WASHINGTON — Dr. Robert Redfield, director of the Centers for Disease Control and Prevention, sent a letter last week to the nation’s governors with an urgent request. The Trump administration wanted them to do everything in their power to eliminate hurdles for vaccine distribution sites to be fully operational by Nov. 1.
The Aug. 27 letter, obtained by McClatchy, asked governors to fast-track permits and licenses for new distribution sites.
It was the latest hurried federal request of state governments to prepare for the arrival of a vaccine for COVID-19, the pandemic disease that has killed roughly 185,000 Americans.
Last month, Dr. Nancy Messonnier, a top CDC official, warned that state public health departments are “running out of time” to draft plans for the distribution of COVID-19 vaccines — and requested that states submit proposals by Oct. 1.
Delivery firms have received guidance from Trump administration officials to prepare freezer farms in the middle of the country and get ready to load vaccines onto trucks no later than Nov. 1.
The rush is putting pressure on state health systems already strapped for resources — and appears out of sync with the progress of clinical trials for coronavirus vaccines, which are still recruiting volunteers who will test the safety and effectiveness of the drugs.
Some supply chain experts are expressing concern that Trump administration officials with Operation Warp Speed, the federal program accelerating vaccine development, have failed to adequately communicate the responsibilities that state and local governments will take on once the task of distributing a COVID-19 vaccine is upon them.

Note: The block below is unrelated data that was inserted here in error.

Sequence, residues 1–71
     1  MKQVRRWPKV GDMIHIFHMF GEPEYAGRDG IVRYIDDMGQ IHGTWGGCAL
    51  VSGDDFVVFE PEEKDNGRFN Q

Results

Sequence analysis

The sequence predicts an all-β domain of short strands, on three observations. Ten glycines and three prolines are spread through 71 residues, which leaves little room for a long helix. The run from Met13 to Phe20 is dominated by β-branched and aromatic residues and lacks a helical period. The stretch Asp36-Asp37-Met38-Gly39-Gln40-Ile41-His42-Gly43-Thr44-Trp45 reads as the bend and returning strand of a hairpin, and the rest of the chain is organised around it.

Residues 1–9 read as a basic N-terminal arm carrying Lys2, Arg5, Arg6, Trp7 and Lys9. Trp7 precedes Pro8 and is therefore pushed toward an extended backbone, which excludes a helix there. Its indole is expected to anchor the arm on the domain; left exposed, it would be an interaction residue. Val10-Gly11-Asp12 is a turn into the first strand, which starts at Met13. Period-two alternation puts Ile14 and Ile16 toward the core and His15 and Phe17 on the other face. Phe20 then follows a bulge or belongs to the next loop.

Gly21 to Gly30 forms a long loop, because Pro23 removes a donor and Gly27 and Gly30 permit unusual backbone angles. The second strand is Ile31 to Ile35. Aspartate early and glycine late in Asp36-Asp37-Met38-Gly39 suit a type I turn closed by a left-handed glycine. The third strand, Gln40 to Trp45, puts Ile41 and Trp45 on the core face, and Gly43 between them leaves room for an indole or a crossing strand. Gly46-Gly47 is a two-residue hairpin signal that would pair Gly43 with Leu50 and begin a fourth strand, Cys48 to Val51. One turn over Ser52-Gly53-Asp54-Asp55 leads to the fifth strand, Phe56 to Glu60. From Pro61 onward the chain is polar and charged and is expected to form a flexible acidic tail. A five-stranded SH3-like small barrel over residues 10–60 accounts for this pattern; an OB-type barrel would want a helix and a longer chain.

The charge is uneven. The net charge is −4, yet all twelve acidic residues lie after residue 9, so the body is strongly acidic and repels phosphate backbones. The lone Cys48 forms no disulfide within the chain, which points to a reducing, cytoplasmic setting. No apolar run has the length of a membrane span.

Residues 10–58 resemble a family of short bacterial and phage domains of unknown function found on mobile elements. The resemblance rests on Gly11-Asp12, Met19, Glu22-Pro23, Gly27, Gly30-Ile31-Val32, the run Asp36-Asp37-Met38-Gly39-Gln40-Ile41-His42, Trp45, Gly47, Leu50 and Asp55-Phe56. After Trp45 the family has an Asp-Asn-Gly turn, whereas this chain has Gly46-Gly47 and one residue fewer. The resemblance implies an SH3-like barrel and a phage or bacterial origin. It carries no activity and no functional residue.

“At this point, we should know much more about what the intended distribution system looks like, and what the plan is,” said Dr. Julie Swann, head of the Department of Industrial and Systems Engineering at North Carolina State University and an adviser to the CDC during its response to the H1N1 pandemic in 2009.
The first vaccines most likely to emerge from Phase III clinical trials will pose exceptional challenges to public health officials, requiring storage in subzero temperatures and two doses per individual spread weeks apart.
Others have expressed concern that the timeline set out by Operation Warp Speed — setting a deadline that would offer the first vaccines just days before the presidential election — is motivated by politics over science.
Warp Speed officials have told reporters to expect an “overwhelming” public messaging campaign come November.
Wes Wheeler, president of UPS Healthcare, said in an interview that guidance from the administration is to be ready to put the vaccine on trucks by Nov. 1.
Dr. Larry Corey, who is co-leading the coronavirus vaccine clinical trials for the COVID-19 Prevention Network under the National Institutes of Health, told McClatchy this week that he does not expect results from the trials to be ready for approval or delivery by that time.
Copyright 2020 Tribune Content Agency.
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